How will you feel when it happens to you?
If personal privacy means anything, it means being able to go about one's business unobserved.
CCTV systems in city centres impinge on this, but they are at least regulated and controlled by local authorities. If the newspapers publish photos of you then you can complain or sue.
But what about the pictures of you drinking too much that appear on your friends' website and get you into trouble at work?
What about the photo of you in a cafe with someone you shouldn't be seeing that ends your relationship?
What about the snap that shows you asking for directions from a stranger, when that stranger turns out to be a terrorist suspect and you end up being questioned?
Some technologies change the world in ways that were never imagined when they were first created or sold.
The telephone, originally thought of as a way of delivering news and concerts to large numbers of people, transformed business.
The internet, a research network for computer scientists, made large-scale publishing at very low cost possible.
The combination of easy web publishing with picture phones could mark a decisive shift in our approach to personal privacy, a shift that we may end up regretting.
What do you think of camera phones? This is what you had to say:
I don't understand this obsession with privacy. If you are in a public place, nothing you are doing is private as such - it is all open to passing inspection. Unless you have something to hide why would you be worried about a more permanent record of your public activities?
Why do you suggest this trend in technology is undesirable? The more surveillance the better. If, from time to time, someone not implicated at that instance is turned over by the authorities - so what?
I agree with Bill that phone/cameras are potentially threatening to personal privacy. But, as Bill points out, this is just an extension of the intrusion of technology into our lives that seems unavoidable. Some modification to privacy legislation is needed to take into account this new technology.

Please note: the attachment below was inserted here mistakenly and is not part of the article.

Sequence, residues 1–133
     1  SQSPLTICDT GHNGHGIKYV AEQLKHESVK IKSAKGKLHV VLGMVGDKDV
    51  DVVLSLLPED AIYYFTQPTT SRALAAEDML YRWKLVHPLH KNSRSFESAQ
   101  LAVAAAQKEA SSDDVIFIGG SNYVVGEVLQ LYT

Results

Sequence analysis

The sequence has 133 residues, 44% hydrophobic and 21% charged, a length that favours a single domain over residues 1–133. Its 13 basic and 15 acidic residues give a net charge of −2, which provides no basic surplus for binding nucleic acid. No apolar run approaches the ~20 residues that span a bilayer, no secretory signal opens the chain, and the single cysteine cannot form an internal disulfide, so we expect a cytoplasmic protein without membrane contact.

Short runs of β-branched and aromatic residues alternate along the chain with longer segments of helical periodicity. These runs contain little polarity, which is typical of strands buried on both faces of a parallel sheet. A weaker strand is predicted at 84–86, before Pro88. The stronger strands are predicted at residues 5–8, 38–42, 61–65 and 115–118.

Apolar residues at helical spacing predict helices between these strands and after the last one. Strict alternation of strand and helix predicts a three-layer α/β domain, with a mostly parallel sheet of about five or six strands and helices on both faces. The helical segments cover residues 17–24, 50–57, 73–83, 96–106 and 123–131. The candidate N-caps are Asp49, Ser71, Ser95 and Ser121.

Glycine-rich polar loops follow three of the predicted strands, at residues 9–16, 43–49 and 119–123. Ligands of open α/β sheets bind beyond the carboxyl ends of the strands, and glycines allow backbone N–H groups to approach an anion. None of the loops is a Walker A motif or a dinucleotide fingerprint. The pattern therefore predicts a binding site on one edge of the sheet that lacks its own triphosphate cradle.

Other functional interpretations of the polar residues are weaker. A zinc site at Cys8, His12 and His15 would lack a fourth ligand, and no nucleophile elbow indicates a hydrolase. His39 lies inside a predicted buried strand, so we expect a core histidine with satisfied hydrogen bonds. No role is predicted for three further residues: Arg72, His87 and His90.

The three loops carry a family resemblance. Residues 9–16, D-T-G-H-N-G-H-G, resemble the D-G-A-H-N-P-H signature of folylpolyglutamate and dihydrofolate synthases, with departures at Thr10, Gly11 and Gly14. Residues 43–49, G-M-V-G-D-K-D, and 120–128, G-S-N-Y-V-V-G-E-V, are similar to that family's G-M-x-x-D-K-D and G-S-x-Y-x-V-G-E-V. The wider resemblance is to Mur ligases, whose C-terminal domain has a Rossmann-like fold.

Local papers already publish photos of thieves taken by cameras in shops and news reports of drunk drivers. In the US some pro-life groups plan to film people going into clinics to publish. The idea is to name and shame. I see no reason to be concerned about photos of people doing anti-social things like being drunk in the street and threatening behaviour. Surely this is not a problem if the same thing extends to the internet? Our photos pop up all over the place. The street is a public place after all and you can be photographed there without restriction. This is surely a basic freedom.
I can virtually guarantee that this will be the next big thing. People love gimmicky things like this, but like many new technologies they will be hail and used in mass, with little consequence to it being overtly intrusive. Millions of e-mail/text message etc are sent each day will little regard to who's snooping. The same will happen will photo messaging. The big companies will make there fortunes, but ultimately our privacy will be jeopardised. But of course it was your choice to send the message in the first place, big business just provide the technology.
While some of the fears about having one's photo put about the internet without one's knowledge are, perhaps, justifiable, who's to say that hasn't already happened without your knowledge? How about the holiday snaps where you're in someone else's photo? As for being asked for a photo as proof that I'm truly ill, I would have no problem with that so long as I was telling the truth. Anyone pulling a sickie would be caught out, which is fair enough. If I suspected my husband was cheating on me, I'd be so grateful for these phones now. It's a brilliant way to get proof that your husband is meeting up with the ex behind your back, when they promised not to. I'd rather end a relationship like that, than remain in the dark and carry on like fool.
With all new technology there will be a downside, but with camera phones I think there are many benefits. I think crime or crimefighting will benefit a lot, for example you see someone acting suspiciously outside a school or see a car speed away from a bank.
Bill Thompson is a regular commentator on the BBC World Service programme Go Digital.